• Ending impunity for sexual violence;

  • Intervening to protect women and girls when needed; and

  • Training security personnel to prevent and act on sexual violence.

The international community now recognises that contemporary armed conflict is very different from the wars of a century ago. The majority of casualties are civilians, and the majority of those are women and children. Further, sexual violence13 is not a ‘by-product’ of conflict, but indeed a strategy and a tactic used by combatants. Elimination of sexual violence is fundamental to lasting peace. Examples of sexual violence as a weapon of war include: forced incest and public rape used to humiliate and shred the social fabric in the Democratic Republic of Congo (DRC); rape used as a deliberate vector of HIV in Rwanda; forced impregnation camps used as a tool of ethnic cleansing in Bosnia-Herzegovina; and the rape of women participating in public life in Guinea-Conakry as a deliberate tool of political repression.14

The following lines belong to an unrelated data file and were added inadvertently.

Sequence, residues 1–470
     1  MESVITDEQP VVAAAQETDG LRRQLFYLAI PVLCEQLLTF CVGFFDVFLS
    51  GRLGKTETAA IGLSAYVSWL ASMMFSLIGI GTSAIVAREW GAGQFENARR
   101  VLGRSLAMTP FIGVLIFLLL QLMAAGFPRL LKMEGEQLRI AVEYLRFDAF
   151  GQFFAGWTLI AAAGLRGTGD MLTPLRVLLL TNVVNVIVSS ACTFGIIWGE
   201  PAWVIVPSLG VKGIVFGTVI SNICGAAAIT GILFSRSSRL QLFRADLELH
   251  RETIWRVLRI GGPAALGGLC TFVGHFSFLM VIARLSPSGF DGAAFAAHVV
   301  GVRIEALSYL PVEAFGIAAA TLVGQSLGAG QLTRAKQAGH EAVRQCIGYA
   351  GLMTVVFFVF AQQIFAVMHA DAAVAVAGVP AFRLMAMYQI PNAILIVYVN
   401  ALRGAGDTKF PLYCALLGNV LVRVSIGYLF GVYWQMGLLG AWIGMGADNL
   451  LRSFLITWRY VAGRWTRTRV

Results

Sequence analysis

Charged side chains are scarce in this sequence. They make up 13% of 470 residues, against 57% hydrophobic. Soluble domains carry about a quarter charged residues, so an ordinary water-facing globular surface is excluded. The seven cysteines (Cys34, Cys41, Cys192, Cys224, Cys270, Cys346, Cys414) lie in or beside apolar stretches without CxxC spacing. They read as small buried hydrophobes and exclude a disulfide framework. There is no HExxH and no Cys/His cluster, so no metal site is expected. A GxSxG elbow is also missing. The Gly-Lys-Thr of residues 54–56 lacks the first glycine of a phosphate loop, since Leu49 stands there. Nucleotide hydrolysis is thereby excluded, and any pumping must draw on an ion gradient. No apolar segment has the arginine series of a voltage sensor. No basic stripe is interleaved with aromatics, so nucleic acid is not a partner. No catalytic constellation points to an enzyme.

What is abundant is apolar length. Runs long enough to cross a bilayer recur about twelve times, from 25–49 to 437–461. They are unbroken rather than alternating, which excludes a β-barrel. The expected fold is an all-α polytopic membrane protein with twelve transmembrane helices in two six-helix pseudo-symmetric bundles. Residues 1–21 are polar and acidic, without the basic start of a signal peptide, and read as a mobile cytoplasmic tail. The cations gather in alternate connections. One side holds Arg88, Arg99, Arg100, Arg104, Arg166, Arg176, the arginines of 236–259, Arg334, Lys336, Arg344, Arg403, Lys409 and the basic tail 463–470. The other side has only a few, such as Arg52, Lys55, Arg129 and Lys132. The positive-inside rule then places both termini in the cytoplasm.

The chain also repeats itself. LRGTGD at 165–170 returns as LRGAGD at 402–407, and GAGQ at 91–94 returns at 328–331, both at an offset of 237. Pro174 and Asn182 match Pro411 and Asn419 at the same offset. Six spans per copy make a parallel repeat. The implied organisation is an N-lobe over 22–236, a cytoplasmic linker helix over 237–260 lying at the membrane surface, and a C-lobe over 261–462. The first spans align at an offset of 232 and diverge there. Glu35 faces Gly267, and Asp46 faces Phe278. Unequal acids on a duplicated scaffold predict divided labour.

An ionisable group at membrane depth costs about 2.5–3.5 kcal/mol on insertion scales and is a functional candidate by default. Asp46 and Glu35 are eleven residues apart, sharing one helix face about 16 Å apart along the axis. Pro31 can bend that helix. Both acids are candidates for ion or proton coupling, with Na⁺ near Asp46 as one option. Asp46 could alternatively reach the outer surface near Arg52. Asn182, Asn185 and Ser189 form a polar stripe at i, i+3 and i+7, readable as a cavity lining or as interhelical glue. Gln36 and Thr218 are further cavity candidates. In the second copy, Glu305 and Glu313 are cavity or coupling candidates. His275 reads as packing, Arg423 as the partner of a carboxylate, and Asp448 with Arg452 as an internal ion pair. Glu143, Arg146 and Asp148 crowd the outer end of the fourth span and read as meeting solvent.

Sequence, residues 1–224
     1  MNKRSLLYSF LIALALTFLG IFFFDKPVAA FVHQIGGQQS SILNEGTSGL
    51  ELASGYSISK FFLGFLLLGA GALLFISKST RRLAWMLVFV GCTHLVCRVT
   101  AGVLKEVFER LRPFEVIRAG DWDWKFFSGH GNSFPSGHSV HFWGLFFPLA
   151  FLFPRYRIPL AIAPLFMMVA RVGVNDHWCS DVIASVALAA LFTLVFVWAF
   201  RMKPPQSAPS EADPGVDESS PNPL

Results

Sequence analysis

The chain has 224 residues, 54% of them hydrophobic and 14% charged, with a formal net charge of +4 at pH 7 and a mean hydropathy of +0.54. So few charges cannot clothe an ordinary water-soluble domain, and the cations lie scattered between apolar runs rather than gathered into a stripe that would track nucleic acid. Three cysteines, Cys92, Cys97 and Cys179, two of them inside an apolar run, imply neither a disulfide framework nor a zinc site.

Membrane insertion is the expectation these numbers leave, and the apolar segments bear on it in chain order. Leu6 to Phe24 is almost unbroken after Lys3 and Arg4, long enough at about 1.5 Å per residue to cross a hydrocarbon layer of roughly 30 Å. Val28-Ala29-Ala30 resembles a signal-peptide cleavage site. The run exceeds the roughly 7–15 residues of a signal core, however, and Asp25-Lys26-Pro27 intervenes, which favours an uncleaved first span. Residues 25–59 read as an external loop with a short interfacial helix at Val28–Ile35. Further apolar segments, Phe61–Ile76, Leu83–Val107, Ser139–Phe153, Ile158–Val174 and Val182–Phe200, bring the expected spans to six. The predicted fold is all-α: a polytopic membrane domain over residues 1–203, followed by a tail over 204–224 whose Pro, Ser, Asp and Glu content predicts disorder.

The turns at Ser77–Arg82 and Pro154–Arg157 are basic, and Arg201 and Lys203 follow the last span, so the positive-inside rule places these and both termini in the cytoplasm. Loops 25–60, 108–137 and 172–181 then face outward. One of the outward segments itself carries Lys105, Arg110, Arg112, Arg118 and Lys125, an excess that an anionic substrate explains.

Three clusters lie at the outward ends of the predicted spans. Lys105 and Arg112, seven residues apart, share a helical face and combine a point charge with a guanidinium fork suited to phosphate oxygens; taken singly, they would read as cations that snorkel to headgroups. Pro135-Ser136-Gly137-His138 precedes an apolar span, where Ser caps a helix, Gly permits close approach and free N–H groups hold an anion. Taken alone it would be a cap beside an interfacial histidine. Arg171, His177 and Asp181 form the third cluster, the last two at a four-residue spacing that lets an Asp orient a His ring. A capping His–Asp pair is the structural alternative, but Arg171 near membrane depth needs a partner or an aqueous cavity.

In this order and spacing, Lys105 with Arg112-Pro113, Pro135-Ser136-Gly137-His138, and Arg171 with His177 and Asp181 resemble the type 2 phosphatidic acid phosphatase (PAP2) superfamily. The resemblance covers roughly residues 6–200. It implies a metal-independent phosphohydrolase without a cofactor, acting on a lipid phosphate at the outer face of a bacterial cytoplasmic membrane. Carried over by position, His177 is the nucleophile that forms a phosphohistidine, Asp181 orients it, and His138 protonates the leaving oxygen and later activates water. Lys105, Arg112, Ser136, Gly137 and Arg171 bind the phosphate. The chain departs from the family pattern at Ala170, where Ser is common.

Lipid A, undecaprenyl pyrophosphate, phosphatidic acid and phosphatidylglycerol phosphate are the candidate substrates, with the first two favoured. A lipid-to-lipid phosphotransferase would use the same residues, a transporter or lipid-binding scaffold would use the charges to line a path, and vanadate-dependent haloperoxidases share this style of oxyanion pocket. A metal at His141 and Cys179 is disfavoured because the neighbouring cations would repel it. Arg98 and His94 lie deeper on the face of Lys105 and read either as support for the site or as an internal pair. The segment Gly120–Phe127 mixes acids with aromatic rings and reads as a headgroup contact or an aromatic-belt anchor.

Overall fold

Women, men, girls and boys can all be victims of sexual violence, however, women and girls are much more commonly targeted.

Women are also disproportionately affected by state fragility, humanitarian emergencies, and by the long after-effects of conflict.15 It is important to understand protection as something that needs to be considered not only in conflict, post-conflict and emergency contexts but also in chronically fragile countries.

For women, fear of sexual violence often does not end at the cessation of hostilities. In fact, “women become convenient targets in a fractured, brutalised society, where law and order is held in abeyance” and research indicates a strong rise in domestic violence, sex trafficking, and forced prostitution in post-conflict areas.